Menu
Valentine's Day - your legal rights when taking the next step in your relationship

News / / Cardiff

If you’re thinking of moving in together or popping the big question this Valentine’s Day, in this article, we outline legal rights and options for unmarried couples once the rose-tinted glasses have faded.

Valentine’s Day has origins dating back as far as the third century, to the Catholic Priest St Valentine. Despite its long history, Valentine’s Day is now a significant cultural celebration, recognised internationally as a day to symbolise and celebrate love.

Each year, on 14 February millions of people across the world mark the day by sending cards and gifts to their partners to show their love and affection. With many considering this to be the most romantic day of the year, it may seem an appropriate time to embark on the next step of your relationship. This could mean couples deciding to move in together, or it sometimes provide an opportunity for a marriage proposal. These are very exciting times for couples, when careful consideration of the legal consequence of taking that next step are no doubt far from the happy couple’s minds.  

Do unmarried couples have any legal protection or rights?

As the number of couples cohabiting before marriage, or as an alternative to marriage, is ever increasing, it is perhaps surprising that the legal consequences of this are not widely understood. In UK law, there is no legal recognition for the status of unmarried cohabiting couples, therefore couples who live together have no particular legal rights. This can create difficulties should financial disputes arise, in the event of serious illness or death or should the relationship break down. Unlike married couples, co-habiting couples do not have the same recourse to financial orders should the relationship come to an end.

How can unmarried couples stay protected?

Co-habitation agreements

A practical solution is to enter into a co-habitation agreement. This is a document which can cover a wide spectrum of matters including ownership of the property, how bills and expenses are to be paid, responsibilities regarding debts and arrangements for children. A co-habitation agreement can provide peace of mind that agreements are formally recorded into a legal document.

By entering into a co-habitation agreement, couples will discuss their futures and financial commitments openly with one another. Therefore, they will have clarity on how assets are held and their financial expectations of one another. A co-habitation agreement can ensure that the couple’s intentions when setting up a home together are legally enforceable; whether this be in a rental property, a house owned jointly or when one person moves to live in their partner’s home solely owned by them.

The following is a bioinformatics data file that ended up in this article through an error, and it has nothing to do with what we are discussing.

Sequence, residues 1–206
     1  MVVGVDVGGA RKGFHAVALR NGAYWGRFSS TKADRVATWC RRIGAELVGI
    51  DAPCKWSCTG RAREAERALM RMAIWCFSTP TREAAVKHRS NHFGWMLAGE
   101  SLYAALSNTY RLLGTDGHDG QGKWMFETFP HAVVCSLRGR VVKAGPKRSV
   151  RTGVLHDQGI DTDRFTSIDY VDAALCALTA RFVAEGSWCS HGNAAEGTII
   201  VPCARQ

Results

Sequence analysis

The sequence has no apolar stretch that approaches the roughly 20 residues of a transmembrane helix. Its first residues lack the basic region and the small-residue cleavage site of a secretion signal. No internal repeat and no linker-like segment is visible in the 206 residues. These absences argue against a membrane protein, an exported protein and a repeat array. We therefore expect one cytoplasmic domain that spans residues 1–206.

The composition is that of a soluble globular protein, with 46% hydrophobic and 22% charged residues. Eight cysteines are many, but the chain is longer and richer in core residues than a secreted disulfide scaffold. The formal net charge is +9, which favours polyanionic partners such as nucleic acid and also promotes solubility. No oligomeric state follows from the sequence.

A co-habitation agreement is a useful tool in reducing any potential conflict during and when a relationship comes to an end, avoiding costly litigation should a dispute arise.

Pre-nuptial agreements

Valentine’s Day may also provide an opportune moment to pop that big question. Co-habitation agreements can be drawn up into pre-nuptial agreements should the couple wish to marry. Marriage, unlike cohabitation, creates legal rights and responsibilities to one another. Similarly to co-habitation agreements, it set outs and clarifies how the finances will be handled during the marriage, and how the assets are to be divided in the event of a relationship breakdown.

Pre-nuptial agreements, whilst not legally binding in the UK, when correctly drafted and executed are generally accepted by Courts as proof of a couple's intentions. They are extremely useful in assisting with financial settlements following a breakdown in the marriage and ultimately avoid costly litigation.

Wills and Lasting Powers of Attorney

A pre-nuptial agreement, along with Wills and Lasting Power of Attorneys, are documents couples should consider making when entering into marriage. They provide solutions to difficult issues that may arise later. Marriage also has the effect of automatically revoking a will, unless that was made expressly in contemplation of that marriage and the spouse will acquire inheritance rights under the rules of intestacy.

If you are considering taking that next step in your relationship, we have experts who can provide further advice regarding your circumstances and assist in putting a co-habitation or pre-nuptial agreement in place. For more information and advice, get in touch with a member of our Family team today.

This article was co-authored by Victoria Griffiths, Paralegal.
Susan J Williams

Susan J Williams Partner and Head of Family Department

Related services: